While walking your dog, how many times do you find yourself impatiently giving a gentle tug on your dogs lead, saying ‘come on’ or ‘this way’ every time your dog stops to sniff? While it is our responsibility to ensure our dogs are properly lead trained and controlled on walks, we must take the time to allow our dogs to stop and sniff – the amount of miles you cover is not always as important as the content of your walk!
A dog’s nose is designed to smell, with millions of olfactory receptors, scent is vital for a dog to understand its environment. The part of a dogs brain dedicated to analysing smells is forty-times greater than ours, so our dogs gain so much information from a smell. Preventing your dog from experiencing the world through scent is like somebody blindfolding you while you walk.
Below are some of the benefits to allowing your dog to sniff:
Mental stimulation, as well as physical exercise, is a vital aspect to our dogs general wellbeing, which can reduce problem behaviours that arise due to excitement, boredom or anxiety. Allowing your dog to stop and sniff on your walks is a great way to engage their brains as they process the smells, providing that much needed mental stimulation that can help calm our energetic dogs! Exercising your dogs mind can help prevent cognitive decline in older dogs, and can prevent young pups from exhibiting excessive chewing due to boredom.
In dogs, scent is processed through the limbic system, which drives emotions and memory and is used to regulate a dogs mood. When allowed to experience their world through smell, anxious dogs are found to exhibit less reactive behaviour as they gather information to enable them to feel confident in their surroundings. By giving our dogs the choice to decide what they want to investigate, we are allowing them to make decisions about their environment, which is a fantastic confidence builder.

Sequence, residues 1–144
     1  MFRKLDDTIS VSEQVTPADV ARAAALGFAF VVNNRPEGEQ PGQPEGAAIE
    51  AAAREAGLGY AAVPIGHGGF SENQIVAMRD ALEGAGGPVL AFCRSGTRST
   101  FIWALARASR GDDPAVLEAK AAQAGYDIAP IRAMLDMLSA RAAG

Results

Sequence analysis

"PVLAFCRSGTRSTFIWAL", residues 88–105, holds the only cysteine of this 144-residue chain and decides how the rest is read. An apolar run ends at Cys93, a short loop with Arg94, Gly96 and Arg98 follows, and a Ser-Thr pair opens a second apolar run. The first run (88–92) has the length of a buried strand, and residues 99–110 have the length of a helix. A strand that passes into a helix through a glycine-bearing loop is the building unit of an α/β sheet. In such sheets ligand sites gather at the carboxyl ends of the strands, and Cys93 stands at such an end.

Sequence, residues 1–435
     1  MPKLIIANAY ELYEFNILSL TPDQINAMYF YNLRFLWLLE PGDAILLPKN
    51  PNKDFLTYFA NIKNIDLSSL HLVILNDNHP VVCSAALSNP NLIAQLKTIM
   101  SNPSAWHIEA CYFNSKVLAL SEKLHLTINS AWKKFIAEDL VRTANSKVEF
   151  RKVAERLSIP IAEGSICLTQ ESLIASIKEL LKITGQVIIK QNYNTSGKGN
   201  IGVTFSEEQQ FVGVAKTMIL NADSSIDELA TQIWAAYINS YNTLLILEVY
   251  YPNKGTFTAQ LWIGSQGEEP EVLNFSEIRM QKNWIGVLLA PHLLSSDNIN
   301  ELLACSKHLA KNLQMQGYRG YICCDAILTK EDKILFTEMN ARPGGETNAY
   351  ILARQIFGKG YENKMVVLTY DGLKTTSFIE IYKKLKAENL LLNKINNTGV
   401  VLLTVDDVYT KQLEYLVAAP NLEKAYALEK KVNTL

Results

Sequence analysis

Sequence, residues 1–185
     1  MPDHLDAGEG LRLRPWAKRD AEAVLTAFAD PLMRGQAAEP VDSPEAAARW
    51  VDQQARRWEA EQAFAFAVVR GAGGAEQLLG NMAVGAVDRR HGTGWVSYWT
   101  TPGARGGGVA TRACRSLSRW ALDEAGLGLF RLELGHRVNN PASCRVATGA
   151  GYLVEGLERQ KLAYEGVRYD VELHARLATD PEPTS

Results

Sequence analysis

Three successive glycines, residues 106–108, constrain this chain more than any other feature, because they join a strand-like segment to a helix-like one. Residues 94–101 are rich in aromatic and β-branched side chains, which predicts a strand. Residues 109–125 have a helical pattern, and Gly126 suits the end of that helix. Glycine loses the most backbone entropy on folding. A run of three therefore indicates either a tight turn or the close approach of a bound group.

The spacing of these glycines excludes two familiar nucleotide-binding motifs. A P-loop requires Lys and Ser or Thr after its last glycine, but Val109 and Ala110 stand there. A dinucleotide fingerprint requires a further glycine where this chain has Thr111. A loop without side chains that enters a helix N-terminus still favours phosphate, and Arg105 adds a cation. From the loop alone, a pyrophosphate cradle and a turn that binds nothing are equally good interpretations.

Sniffing is an important aspect of canine communication. You may become frustrated that your dog wants to sniff every lamppost or tree, but from that they will receive information from the scent marks of other dogs, such as sex, age, health, whether they are nearby etc.
Maybe your dog constantly tries to sniff the butt of other dogs? For a dog, this is how they obtain information about that dog. Or maybe your dog sniffs the ground around the other dog? This is known as an appeasement behaviour – your dog is basically saying they’re not a threat which can in turn ease tension and help relax both dogs.
Our dogs tend not to have much choice in their lives, they’re told when/what to eat, when they get to exercise, where they are allowed to exercise and sometimes when they’re allowed to toilet. Our dogs have very little control over what happens to them, which has been found to lead to stress and anxiety.
Allowing our dogs to make more choices provides them with a sense of self-reliance and boosts their confidence. When appropriate, we should allow our dogs to make their own decisions. During part of your walks, allow them to make the decision on which way they want to go, and what they’d like to sniff! If you’re short on time, allow your dog to stop and sniff rather than focus on covering distance.